We will forgive, sure, if you count being able to vocalize that we forgive someone for something.  Although, adults rarely face their offenders, and if they do, have learned to cover over the reluctance and insincerity with many more layers and facades.

For the past several years, I have been learning that forgiveness isn't just an academic flipping of a switch.  We cannot just say that we forgive.  I have learned that forgiveness hasn't happened until the pain is gone.  Often, people will say that they have forgiven, but will readily state that they will not be hurt by that person again.  Pain is still present.  Or, "Oh yes, I've forgiven them," but go on to say that they can't stand to see them, or hear them talk about some matter, or be reminded in some way of what they did.  Pain is still present.  Forgiveness does not happen until the pain is gone.

Several posts ago, I focused on pain.  Pain is a blessing given by God to alert us that there is something wrong.  No one enjoys suffering with pain, in fact, my back let me know that something was wrong yesterday, and I wished it could have waited to give me that message until a more convenient time.  However, pain is there to tell us something is wrong and we need to fix it.  I cannot 'fix' other people.  I cannot remove what other people have done.  I can only fix my responses, my feelings, and my choices in the matter.  When there is still pain, it is never that the other person needs to change.  It would be nice if they would.  It would be a big blessing if they would.  But pain alerts the person who feels it that something is wrong.

What is wrong when we feel pain for an offense that has not been forgiven?  There are several things wrong.  First: we have not forgiven in the same way that God has forgiven us.  If we love God, we need to keep His commandments, otherwise, we will feel pain.  Second: when we choose not to forgive, we give a small slice of control over our life to the person who hurt us.  As a Christian, God is the only one who is to have that control.  And even apart from that, who willingly gives control of their life to a person who has hurt them?  Thirdly: when we don't forgive, it places a burden on a relationship that God may have given us to be an opportunity for ministry.  All of these reasons cause pain, because their is something wrong that we need to fix.

By all means, keep going through the motions of forgiveness.  Say you're sorry.  Say "I forgive you."  Give a hug, send a card, smile.  But make sure the pain goes away when you do it.  If it doesn't, remind yourself that they are forgiven.  Give another hug, send another card, bake a pie, cake or cookies (for them :)), and make sure that the pain is gone.  Love them until it is completely gone.  And then keep on loving them.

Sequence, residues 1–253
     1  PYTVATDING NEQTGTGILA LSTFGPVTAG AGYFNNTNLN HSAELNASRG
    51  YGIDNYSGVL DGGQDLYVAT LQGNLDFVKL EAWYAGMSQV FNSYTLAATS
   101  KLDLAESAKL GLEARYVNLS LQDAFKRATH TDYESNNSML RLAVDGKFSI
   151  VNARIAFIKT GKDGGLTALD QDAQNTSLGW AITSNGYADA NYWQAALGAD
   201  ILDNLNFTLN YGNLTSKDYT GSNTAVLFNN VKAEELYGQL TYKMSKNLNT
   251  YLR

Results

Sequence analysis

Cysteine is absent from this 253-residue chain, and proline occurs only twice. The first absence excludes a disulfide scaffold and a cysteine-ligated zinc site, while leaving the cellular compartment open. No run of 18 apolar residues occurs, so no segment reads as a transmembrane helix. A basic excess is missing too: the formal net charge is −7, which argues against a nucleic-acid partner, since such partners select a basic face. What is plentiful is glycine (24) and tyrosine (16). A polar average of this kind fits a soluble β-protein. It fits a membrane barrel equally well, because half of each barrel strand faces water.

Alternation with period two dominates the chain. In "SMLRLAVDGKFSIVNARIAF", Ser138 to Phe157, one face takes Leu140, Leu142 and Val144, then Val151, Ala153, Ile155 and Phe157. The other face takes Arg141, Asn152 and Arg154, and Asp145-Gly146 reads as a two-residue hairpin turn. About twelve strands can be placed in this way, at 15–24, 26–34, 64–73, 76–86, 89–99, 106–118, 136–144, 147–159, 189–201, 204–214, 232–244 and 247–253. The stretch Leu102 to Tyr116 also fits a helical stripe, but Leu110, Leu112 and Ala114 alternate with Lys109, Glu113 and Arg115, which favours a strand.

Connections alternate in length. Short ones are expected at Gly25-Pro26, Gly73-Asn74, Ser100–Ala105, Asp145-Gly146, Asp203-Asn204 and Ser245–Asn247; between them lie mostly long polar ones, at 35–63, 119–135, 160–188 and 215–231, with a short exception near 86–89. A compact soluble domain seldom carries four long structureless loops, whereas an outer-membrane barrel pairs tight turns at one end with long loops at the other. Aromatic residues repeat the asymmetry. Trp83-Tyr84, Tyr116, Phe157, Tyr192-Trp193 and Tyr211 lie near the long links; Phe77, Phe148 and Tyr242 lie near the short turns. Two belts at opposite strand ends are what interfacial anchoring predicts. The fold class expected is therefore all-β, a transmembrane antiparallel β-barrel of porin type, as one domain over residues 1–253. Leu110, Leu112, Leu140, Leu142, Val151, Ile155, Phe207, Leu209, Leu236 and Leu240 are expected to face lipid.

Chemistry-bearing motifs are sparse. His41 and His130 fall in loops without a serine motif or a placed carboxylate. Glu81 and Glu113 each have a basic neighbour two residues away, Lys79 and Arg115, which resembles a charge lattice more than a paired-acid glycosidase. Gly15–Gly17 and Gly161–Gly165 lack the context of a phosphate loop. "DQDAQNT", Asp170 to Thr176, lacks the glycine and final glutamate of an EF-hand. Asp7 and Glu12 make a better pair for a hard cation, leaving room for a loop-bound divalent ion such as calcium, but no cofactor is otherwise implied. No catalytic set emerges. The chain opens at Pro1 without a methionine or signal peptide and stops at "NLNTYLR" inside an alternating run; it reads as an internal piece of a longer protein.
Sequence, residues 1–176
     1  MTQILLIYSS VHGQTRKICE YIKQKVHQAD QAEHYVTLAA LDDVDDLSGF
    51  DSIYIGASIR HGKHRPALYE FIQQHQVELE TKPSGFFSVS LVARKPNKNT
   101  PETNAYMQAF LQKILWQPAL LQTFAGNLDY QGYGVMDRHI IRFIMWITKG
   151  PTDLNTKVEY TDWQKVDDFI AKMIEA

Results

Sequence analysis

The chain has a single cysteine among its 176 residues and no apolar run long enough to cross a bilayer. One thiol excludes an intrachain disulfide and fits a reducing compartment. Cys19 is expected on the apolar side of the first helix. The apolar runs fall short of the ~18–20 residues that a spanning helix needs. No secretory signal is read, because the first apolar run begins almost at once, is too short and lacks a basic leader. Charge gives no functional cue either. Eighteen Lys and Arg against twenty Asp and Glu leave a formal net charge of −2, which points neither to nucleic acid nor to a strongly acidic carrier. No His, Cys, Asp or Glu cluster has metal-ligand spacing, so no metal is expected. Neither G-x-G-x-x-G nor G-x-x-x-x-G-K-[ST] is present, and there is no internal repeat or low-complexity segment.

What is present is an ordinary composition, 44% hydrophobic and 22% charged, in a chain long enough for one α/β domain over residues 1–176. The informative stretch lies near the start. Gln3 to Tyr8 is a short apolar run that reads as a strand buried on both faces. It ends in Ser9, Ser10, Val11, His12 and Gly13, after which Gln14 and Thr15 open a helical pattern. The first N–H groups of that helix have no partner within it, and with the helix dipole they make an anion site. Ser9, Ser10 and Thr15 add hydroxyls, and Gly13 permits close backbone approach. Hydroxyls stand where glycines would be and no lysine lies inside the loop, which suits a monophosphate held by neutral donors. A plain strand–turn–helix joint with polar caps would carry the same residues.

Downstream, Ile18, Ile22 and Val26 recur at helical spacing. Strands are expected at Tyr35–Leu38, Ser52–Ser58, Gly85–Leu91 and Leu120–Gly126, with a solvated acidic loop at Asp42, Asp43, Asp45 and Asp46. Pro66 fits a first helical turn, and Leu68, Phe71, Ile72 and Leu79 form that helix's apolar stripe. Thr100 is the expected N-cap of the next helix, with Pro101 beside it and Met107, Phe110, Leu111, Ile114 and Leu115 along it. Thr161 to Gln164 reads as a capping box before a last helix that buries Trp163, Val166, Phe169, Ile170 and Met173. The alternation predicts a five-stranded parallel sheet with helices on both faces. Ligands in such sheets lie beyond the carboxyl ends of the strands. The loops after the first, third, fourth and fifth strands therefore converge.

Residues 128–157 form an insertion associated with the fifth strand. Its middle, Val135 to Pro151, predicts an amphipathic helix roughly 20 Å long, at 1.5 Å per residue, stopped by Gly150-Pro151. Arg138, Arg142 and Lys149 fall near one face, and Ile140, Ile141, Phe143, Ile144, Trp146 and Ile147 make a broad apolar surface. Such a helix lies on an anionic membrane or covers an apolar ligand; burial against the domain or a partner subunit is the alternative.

"And be ye kind one to another, tenderhearted, forgiving one another, even as God for Christ's sake hath forgiven you."  
- Ephesians 4:32

Wednesday, October 6, 2010

I Choose Joy

Each life will have it's ups and downs
Each day brings both smiles and frowns
A lesson I learned long ago
Despite the sorrow, I choose joy

At times our hearts will ache and break
And we not know what we can take
Yet through it all the lesson stands
Even in pain, I choose joy

The Bible gives a promise true
A promise that is for me and for you
The lesson for each, at any time
A choice we have, I choose joy

I know my Savior loves me so
He paid a debt that I did owe
His gift has made it plain for all
There is a choice, I choose joy

Through years of life, through bad and good
I've found that my God always would
Do good for me in all I've seen
The choice is clear, I choose joy

Today we have a difficult day
It's even hard to stand and say
Yet by God's grace in even this
We each can say, I choose joy

Eber Kinne
Home with His Savior ~ October 5, 2010

"Thou hast turned for me my mourning into dancing: thou hast put off my sackcloth, and girded me with gladness; To the end that my glory may sing praise to thee, and not be silent. O LORD my God, I will give thanks unto thee for ever." Psalm 30:11-12

Wednesday, September 15, 2010

Adjusting Schedules

Since the last time I posted here, we have started school.  With 4 kids being taught this year, and adjusting to taking over the math class for my two oldest, we have been ironing out the schedule.  Whenever it seems we have another wrinkle ironed out, another one pops up.  We've tried moving around the math classes, and spreading out the kids for various tasks throughout the house when they need to say things out loud, or read where someone else's instruction won't disturb them.  I think we have come to realize that homeschooling in a house with 6 children will always include some wrinkles.

The same holds true for our personal schedules.  We try to plan ahead, to check on things to make sure there aren't wrinkles.  But almost without fail, a wrinkle (or two, or more) will enter our lives.  I thought my schedule was going to work out for a laid back Monday this week.  Monday is my usual day off and I try to make it a day with very little on the calendar.  So Monday ends up being one of the days that most often gets attacked with wrinkles.  Probably because there is nothing scheduled, when someone asks if I am available to help, . . . I normally am.

I suppose if we know wrinkles are coming, we need to determine in advance how we will respond to them.  It would be a great world to not have any wrinkles, but maybe the world could be just as great if we determined to not allow wrinkles to affect us negatively.  How?  By determining ahead how we will respond.  By asking God for strength to respond appropriately.  By trusting that God has a purpose for the wrinkle that we may not understand, but can fulfill by responding in a way that honors Him.

I hope your day progresses without wrinkles today.  But I pray that we will each respond to whatever wrinkles we find in a way that glorifies God.